Max Rosen, MD, is a child and adolescent psychiatrist who specializes in Attention Deficit/Hyperactivity Disorder (ADHD), mood disorders (such as depression and bipolar disorder), anxiety disorders, autism spectrum disorder, and schizophrenia.
Patients are seen at:
- 4444 Forest Park Avenue Building
4444 Forest Park Avenue, Suite 2600
St. Louis, MO 63108
To make an appointment with Dr. Rosen or one of his colleagues, please call 314-286-1700.
What happened in the course of schooling to influence you to choose your specialty of pediatric psychiatry?
I knew I wanted to specialize in pediatrics because I’ve always enjoyed working with children – teaching, tutoring, as well as mentoring. During my first year of medical school, I exposed myself to a few of the different fields of pediatrics — shadowing a pediatric hospitalist, pediatric endocrinologist and a general outpatient pediatrician.
I enjoyed those experiences and really coveted the problem-solving that was part of being a pediatrician. Next, I was exposed to pediatric neurology via getting involved with the outstanding clinical pediatric neurologists at SLCH and pediatric stroke researchers. I saw the potential within the field of neuroscience, which has a very strong curriculum here at Washington University. But it was during my rotation through child psychiatry when everything clicked. I saw the passion of the pediatric psychiatrists and it was a privilege, as a physician, to be a part of the personal lives of these children and their families. I have never doubted my choice.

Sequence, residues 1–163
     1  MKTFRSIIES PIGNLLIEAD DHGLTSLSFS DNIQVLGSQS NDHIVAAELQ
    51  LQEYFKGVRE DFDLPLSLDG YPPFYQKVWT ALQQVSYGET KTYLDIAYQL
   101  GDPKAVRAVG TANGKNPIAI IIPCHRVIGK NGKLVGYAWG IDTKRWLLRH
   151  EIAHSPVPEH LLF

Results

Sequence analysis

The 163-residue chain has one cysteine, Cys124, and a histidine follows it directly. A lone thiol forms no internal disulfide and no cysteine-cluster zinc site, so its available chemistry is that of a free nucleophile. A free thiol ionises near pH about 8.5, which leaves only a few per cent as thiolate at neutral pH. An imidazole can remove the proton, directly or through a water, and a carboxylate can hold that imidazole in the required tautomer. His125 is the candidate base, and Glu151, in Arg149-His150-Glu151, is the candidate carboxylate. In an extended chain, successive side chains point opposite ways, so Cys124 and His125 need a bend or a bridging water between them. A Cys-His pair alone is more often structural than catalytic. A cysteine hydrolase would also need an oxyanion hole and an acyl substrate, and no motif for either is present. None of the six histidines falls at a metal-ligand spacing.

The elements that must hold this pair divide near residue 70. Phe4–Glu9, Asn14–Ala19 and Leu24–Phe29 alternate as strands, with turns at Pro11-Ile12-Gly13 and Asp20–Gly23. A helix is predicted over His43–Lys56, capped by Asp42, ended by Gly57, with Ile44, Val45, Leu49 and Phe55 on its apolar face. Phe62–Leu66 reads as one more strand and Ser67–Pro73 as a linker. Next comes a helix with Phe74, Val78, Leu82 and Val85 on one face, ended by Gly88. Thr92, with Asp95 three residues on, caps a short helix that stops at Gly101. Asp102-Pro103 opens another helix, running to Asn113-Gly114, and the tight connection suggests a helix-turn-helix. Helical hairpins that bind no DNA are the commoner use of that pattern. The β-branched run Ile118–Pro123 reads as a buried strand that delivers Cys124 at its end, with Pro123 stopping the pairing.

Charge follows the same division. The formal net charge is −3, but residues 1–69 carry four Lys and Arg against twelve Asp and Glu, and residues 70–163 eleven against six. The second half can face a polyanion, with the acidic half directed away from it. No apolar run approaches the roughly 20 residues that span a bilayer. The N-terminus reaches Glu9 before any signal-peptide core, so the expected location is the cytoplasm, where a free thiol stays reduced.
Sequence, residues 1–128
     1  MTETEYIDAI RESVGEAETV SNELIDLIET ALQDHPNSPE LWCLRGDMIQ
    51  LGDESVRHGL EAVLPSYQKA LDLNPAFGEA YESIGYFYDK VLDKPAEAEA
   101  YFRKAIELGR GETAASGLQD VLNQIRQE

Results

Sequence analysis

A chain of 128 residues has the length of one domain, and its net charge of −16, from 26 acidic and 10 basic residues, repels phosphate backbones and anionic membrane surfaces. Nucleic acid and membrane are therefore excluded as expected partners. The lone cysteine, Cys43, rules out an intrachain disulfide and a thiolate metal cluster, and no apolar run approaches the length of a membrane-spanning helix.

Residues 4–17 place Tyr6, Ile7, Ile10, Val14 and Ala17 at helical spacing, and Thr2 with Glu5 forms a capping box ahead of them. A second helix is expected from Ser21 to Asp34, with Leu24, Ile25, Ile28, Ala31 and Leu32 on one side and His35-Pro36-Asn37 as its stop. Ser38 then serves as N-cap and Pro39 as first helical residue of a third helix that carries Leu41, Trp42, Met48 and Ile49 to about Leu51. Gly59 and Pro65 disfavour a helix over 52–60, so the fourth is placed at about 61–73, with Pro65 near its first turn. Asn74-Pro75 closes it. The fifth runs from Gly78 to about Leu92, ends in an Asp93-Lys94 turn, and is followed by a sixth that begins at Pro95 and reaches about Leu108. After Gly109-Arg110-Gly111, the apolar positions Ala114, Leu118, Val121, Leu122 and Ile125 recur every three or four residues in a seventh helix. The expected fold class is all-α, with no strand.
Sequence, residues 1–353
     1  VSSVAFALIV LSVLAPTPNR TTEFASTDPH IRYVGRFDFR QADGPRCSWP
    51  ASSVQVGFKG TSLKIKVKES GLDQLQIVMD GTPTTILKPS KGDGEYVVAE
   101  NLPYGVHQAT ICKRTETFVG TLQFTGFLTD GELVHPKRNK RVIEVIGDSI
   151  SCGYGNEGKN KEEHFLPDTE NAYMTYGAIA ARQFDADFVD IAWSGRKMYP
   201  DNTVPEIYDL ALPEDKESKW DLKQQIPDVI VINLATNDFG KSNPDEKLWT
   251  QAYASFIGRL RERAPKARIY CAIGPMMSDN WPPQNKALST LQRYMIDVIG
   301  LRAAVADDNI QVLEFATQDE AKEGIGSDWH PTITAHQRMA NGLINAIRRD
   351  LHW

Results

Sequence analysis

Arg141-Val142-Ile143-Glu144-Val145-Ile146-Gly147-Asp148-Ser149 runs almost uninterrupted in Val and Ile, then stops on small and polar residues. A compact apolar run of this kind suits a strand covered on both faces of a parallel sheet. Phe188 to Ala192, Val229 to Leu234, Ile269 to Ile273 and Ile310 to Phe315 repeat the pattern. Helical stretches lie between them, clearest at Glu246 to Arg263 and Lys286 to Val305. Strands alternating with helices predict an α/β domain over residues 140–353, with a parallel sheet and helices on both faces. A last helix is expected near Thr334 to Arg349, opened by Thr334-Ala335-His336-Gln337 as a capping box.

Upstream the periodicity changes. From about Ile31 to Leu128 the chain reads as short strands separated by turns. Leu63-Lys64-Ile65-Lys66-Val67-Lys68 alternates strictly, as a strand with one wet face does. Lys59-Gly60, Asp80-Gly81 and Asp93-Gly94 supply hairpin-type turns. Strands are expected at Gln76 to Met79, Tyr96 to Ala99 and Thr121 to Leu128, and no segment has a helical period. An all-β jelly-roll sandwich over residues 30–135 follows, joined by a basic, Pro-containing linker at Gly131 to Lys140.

What brought you to Washington University?
I’m from Washington, D.C. and wanted to go to college somewhere besides the east coast. I came here in 2006 for my undergraduate degree and was instantly in awe of the school. I appreciated the mentorship that was given to students. Since then, that mentorship continued every step of the way — from medical school through my adult and child psychiatry training, and now as a junior member of the faculty.
I had one mentor- Dr. Anne Glowinski, a former member of the Division of Child Psychiatry- whose warmth and presence showed me the possibilities that existed within academic child psychiatry. She showed how to be an empathic and compassionate teacher, educator and clinician.
Which aspect of your practice do you find most interesting?
It is hard to pick a single aspect. As a general child psychiatrist, I enjoy the breadth of the patients I’m trained to see. I see 18-month-olds for evaluations for autism and speech and language disorders, 18- year-olds for anxiety and mood-related concerns — as well as everything in between.
I grow with my patients through high school and as they transition to the next chapter of their lives – college, community college or trade school. To be able to continuously try to help my patients of all ages is what I enjoy the most.
What new developments in your field are you most excited about?
Neuroscience continues to be on the frontier as we continue to learn more about the brain – but there is still a lot we don’t know.
We are working to understand how we can better assess and predict depression and anxiety in children. This would allow us to intervene earlier to try to prevent these chronic and debilitating health issues. This may mean using different parenting or social engagement interventions –intervention doesn’t always involve medicine. The earlier we intervene, the bigger impact we can have in the lives of these kiddos who might struggle from a neurodevelopmental or mood disorder.